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Is There Civic Leadership in Palo Alto?

Original post made by fred, Barron Park, on Mar 19, 2007

Reposted from another topic - seemed worth its own thread...

Where is the organized city leadership in Palo Alto? It's the vacuum created by lack of strong, visible leadership that seems to let so many things get off-track or bogged down in interest-group sniping. Back east, we had a Mayor - a real, elected-to-the-job, 4 year Mayor, as the chief executive of the city, whose job was to drive initiatives and actually get things done. If we didn't like him/her, we'd vote him/her out, but at least things got done. This City Council/City Manager form of government appears to open the door for interest-group driven gridlock without leadership responsible for getting results.

Is there real civic leadership in Palo Alto?

Comments (5)

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Posted by Walter E. Wallis
a resident of Midtown
on Mar 19, 2007 at 8:39 am

Our civic leaders are the ones facing away from bread and butter housekeeping while they try to steer the nation down the rosy path.

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Posted by Not so fast
a resident of Duveneck/St. Francis
on Mar 19, 2007 at 8:47 am

Fred--you are right, there is no city leadership. the city council is afraid of any conflict and upsetting/alienating certain factions in the city, therefore difficult decisions are not made and things spiral downhill from there(witness the current discussion on cutting $3 million from the budget, any and all cuts appear to be opposed by one group or another, so the city council, not wanting to upset certain people, is dithering by trying cut $2 here and $10 there) Any criticism of city leadership is considered a personal attack and quickly gaveled out of order.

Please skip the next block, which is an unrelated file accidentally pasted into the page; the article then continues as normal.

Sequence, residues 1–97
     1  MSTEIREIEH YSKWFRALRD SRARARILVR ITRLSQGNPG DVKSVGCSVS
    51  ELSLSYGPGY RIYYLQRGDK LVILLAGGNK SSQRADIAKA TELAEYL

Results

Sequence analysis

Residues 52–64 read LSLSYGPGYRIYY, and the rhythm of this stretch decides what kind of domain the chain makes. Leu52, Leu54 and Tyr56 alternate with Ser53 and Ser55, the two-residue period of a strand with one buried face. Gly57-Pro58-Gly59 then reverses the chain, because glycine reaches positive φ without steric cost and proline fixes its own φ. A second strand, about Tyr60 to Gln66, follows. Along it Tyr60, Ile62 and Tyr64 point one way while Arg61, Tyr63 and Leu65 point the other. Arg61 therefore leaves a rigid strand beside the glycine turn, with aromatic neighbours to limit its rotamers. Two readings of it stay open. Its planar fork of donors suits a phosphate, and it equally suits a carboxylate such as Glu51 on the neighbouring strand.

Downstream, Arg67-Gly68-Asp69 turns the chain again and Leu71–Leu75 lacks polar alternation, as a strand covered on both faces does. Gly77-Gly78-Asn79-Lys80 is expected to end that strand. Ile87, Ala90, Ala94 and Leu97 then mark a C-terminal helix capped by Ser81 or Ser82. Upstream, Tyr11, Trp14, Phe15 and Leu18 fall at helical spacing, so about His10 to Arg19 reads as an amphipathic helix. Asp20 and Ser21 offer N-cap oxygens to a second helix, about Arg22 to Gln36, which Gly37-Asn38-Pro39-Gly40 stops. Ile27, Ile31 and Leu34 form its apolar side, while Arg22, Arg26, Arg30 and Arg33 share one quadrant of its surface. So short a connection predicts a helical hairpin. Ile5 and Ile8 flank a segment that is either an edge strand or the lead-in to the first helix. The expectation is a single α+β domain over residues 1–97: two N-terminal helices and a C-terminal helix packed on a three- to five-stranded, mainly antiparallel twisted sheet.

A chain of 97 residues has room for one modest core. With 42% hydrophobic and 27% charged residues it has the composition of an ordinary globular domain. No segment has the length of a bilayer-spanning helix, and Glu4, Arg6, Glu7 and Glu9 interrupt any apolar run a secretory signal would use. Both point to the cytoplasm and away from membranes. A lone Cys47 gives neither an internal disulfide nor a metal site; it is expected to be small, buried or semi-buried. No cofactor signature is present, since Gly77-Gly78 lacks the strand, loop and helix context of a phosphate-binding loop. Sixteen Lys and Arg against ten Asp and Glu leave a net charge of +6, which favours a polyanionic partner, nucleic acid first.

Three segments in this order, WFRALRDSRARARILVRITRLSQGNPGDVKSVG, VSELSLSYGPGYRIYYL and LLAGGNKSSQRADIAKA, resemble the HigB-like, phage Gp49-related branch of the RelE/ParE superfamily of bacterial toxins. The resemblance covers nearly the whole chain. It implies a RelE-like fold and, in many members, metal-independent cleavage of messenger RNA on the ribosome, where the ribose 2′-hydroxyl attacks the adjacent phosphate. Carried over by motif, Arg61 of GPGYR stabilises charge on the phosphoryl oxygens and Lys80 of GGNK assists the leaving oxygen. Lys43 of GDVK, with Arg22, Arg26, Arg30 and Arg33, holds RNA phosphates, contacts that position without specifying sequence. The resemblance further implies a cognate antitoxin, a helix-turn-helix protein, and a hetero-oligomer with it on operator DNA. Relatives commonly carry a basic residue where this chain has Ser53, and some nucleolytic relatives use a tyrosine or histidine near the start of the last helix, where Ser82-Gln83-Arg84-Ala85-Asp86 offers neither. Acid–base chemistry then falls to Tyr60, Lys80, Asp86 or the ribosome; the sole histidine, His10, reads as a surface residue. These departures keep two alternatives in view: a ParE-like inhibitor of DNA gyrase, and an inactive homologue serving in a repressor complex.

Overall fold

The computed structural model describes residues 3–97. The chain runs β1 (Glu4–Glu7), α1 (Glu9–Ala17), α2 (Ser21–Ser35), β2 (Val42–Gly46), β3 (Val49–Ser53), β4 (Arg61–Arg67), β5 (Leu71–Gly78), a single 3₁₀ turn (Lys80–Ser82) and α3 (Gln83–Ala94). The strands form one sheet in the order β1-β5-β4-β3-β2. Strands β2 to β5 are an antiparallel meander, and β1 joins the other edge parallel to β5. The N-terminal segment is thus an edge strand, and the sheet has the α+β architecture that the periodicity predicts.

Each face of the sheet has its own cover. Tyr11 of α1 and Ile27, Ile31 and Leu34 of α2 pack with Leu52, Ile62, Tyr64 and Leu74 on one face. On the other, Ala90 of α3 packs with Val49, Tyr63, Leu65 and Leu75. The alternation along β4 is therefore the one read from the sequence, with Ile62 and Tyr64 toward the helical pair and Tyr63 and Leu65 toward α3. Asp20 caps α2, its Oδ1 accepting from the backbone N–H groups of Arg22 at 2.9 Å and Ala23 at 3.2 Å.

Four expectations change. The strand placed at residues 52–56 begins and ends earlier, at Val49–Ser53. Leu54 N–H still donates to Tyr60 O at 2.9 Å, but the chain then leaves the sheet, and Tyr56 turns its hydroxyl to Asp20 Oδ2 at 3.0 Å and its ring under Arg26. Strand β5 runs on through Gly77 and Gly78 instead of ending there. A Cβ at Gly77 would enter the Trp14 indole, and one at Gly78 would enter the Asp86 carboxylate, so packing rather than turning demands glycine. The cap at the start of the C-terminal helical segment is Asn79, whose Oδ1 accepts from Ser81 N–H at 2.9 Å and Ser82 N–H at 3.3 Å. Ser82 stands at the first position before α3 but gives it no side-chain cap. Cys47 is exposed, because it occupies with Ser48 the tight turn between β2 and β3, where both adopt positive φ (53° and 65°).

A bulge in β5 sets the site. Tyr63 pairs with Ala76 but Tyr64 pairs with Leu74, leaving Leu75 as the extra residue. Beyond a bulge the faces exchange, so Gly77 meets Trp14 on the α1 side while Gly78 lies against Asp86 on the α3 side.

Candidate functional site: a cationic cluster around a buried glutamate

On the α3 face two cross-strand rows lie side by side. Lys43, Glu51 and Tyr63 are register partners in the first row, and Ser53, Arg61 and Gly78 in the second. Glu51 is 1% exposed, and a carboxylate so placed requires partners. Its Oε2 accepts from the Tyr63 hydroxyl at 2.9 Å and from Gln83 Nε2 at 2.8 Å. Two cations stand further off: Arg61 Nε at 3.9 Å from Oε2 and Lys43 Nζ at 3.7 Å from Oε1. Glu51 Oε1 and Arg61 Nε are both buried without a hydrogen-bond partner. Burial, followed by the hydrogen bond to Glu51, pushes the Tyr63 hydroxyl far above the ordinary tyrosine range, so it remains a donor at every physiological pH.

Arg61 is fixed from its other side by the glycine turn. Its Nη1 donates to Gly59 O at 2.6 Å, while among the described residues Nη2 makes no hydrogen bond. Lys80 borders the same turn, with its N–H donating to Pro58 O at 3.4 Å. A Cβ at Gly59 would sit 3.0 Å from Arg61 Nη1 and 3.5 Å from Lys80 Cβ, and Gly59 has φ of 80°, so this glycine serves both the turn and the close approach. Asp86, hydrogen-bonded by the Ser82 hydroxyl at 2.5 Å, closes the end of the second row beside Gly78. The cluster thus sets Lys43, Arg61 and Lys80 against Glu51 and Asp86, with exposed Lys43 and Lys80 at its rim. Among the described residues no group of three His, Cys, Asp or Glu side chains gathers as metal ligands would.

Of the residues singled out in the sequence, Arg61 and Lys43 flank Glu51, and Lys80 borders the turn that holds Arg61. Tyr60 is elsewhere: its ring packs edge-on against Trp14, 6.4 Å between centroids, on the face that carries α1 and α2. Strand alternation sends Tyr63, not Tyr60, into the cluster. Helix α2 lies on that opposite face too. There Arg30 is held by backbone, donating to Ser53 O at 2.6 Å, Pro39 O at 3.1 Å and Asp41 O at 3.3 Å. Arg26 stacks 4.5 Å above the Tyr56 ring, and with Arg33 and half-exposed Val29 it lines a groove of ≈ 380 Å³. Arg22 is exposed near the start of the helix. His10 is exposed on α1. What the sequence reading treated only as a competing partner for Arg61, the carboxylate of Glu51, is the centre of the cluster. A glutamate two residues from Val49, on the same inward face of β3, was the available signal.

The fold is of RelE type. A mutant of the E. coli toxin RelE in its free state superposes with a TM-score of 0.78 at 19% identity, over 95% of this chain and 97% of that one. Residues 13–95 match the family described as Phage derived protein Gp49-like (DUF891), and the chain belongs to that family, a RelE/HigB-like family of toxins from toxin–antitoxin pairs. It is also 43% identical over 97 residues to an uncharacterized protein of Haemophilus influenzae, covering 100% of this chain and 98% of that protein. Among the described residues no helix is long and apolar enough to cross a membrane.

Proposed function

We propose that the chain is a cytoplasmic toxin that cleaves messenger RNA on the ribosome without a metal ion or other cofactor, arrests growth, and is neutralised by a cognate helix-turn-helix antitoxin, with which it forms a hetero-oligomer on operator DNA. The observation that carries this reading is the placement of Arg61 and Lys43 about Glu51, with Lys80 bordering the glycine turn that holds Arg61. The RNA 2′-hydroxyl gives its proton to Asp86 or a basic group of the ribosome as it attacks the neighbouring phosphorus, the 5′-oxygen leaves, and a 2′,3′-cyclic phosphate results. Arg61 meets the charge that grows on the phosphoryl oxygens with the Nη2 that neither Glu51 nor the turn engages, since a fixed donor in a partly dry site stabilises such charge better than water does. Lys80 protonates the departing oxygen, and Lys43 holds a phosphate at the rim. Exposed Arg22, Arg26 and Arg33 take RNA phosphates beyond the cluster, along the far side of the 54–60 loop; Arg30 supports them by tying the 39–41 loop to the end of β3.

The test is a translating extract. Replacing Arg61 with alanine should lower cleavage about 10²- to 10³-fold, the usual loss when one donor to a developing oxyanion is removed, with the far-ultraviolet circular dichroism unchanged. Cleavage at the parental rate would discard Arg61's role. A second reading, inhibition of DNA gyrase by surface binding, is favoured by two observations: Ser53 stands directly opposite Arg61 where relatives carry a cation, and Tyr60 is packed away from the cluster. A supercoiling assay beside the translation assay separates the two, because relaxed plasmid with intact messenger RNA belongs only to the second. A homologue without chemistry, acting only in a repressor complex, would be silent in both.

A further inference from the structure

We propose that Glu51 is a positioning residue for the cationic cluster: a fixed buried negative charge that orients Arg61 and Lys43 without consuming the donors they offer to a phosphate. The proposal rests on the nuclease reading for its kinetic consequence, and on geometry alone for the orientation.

The mayors we have had are elected for a year and each has their own personal agenda that they want to see fulfilled. Our current mayor is interested in climate change and does not want to upset the apple cart by addressing the important issues facing our city

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Posted by fred
a resident of Barron Park
on Mar 19, 2007 at 8:52 am

fred is a registered user.

Thank you, NSF. So that sounds like a bad problem. Has there ever been strong civic leadership in Palo Alto in the last 10-50 years? Is there a formula that works, or are we stuck with interest-group gridlock and reactiveness?

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Posted by Not so fast
a resident of Duveneck/St. Francis
on Mar 19, 2007 at 9:29 am

Well, my opinion is only one of many. i am sure many people will say that everything is fine, because the Palo Alto process is working.
I have been living here for 10+ years. The Alma Plaza issue has been ongoing for more than 10 years with no end in sight. there was the Hyatt issue--they go fed up because one vocal neighborhood leader managed to have the city council wound around her little finger--they got fed up and left town. There was also the eruv issue--the council were falling over themselves praising the issue when it first came up--then the vocal critics started sounding off. Our mayor at the time had asperations for higher elected office and the issue never came to a vote. Nowadays there is the library and police building, as well as the budget, Edgewood Plaza and the still unresolved Alma Plaza issue.
So you know where I stand on the issue of civic leadership

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Posted by Carol Mullen
a resident of Old Palo Alto
on Mar 19, 2007 at 10:04 am

Oakland changed to a strong Mayor system, with a sunset provision, retaining the City Manager as an administrator, but requiring him to execute the instructions of Mayor and City Council. Jerry Brown was successful in restoring Oakland's tax base, but less successful in his anti-crime and education programs. There seem to have been substantial improvements, since Oakland voted to retain the strong Mayor. Recently elected mayor is Ron Dellums. The office seems to attract applicants with known political skills. Oakland was miserably managed under the City Manager form of government.

Berkeley has a strong mayor. Tom Bates is far more skillful than the preceding mayor. Although she was more pro-development than he, he has brought in more development than she, because she was incompetent. She was also of the I-can-count-to-five-votes-why -do- I -need- to -talk- to- any -of -you? As you'd expect, with such a foolish attitude, council meetings went on forever and solved nothing.
It may have changed, but in the beginning, Bates had an open door policy, and most inter-council issues were successfully compromised.

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